Objectives: To verify that a few laser lesions in the posterior pole can cause drusen to resolve in patients with age-related macular degeneration, and to document central retinal sensitivity as drusen resolve.
Design: In a pilot study, 12 patients considered to be at high risk for sight-threatening complications from age-related macular degeneration were treated with 12 argon laser lesions in the posterior pole, with review for 12 to 24 months.
Results: Choroidal neovascularization developed in 1 patient 8 months after treatment, with consequent loss of central vision. In 9 of the remaining 11 patients, high-risk characteristics of drusen were reduced. Four patients had retinal pigment epithelial depigmentation, and all maintained 20/40 visual acuity at 12 months. One patient lost 3 lines of vision due to geographic atrophy after 12 months. Scotopic retinal threshold was elevated before treatment in 8 patients, compared with an age-matched comparison group. Of these, 4 patients underwent retesting 3 to 6 months after treatment, and all had improved thresholds, but only 1 patient sustained the improvement at 12 months. At 12 months, 3 of the 8 patients showed an improvement in their mean retinal threshold. Of those in whom the mean retinal threshold worsened, the mean elevation in threshold was not more than 0.6 log units.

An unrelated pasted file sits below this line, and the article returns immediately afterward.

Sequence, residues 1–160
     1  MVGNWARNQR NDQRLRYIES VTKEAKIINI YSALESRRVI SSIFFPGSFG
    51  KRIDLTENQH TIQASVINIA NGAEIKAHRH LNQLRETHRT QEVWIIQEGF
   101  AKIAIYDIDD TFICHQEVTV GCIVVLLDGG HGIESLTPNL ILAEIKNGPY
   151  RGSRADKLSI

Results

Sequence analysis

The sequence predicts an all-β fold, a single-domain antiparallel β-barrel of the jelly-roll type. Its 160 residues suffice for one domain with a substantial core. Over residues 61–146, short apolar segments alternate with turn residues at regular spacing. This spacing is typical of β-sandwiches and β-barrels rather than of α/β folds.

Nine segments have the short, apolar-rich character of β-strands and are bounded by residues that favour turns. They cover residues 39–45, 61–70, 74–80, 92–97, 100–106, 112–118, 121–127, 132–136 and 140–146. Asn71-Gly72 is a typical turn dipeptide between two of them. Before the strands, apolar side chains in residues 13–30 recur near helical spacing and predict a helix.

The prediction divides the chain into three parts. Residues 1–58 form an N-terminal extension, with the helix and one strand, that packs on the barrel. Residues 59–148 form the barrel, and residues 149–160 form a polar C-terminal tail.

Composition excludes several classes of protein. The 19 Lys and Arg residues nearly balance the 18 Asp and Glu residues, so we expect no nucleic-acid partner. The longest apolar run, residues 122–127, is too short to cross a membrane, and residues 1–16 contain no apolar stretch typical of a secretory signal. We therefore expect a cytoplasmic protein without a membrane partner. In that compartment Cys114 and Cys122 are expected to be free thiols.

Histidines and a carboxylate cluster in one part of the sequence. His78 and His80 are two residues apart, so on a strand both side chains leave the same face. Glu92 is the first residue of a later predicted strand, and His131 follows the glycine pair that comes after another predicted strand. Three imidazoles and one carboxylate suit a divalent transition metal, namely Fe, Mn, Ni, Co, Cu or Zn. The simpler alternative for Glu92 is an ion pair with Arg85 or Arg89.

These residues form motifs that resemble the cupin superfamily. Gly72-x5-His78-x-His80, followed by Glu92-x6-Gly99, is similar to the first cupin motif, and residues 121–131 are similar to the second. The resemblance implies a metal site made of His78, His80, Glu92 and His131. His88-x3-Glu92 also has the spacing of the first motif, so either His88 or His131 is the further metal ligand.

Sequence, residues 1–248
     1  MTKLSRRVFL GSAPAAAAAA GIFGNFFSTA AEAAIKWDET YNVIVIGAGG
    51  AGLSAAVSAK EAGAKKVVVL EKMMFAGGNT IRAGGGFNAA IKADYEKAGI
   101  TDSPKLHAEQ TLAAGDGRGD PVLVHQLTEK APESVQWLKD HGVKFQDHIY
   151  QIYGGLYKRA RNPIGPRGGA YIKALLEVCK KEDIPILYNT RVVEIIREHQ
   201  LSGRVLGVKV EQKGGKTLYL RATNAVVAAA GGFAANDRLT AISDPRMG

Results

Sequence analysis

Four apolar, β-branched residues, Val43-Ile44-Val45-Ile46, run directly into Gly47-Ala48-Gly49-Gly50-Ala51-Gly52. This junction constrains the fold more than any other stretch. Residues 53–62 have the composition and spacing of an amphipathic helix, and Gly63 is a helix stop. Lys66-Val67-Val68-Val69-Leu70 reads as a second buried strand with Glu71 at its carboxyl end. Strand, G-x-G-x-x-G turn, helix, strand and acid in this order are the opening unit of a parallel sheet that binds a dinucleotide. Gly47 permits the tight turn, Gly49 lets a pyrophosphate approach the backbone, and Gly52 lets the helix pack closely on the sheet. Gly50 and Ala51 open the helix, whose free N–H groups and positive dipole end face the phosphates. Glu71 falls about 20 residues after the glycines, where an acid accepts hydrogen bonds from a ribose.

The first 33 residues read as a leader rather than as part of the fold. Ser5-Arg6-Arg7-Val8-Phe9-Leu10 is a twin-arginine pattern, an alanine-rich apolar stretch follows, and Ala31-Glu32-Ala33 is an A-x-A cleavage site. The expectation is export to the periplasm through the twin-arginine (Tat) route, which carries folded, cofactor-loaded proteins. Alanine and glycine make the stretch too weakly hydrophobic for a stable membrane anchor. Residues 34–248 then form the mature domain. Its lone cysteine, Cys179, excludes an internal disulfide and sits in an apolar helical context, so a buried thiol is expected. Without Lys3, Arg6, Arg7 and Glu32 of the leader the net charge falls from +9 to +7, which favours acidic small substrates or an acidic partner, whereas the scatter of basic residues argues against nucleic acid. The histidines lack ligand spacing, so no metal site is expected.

Conclusions: A few laser lesions in the posterior pole leads to resolution of drusen. There does not appear to be an increased risk for choroidal neovascularization. Retinal threshold measurements show no indication of geographic atrophy at 1 year, but cannot be excluded as a late outcome. Laser treatment may reduce the risk for profound sight-threatening lesions in age-related macular degeneration.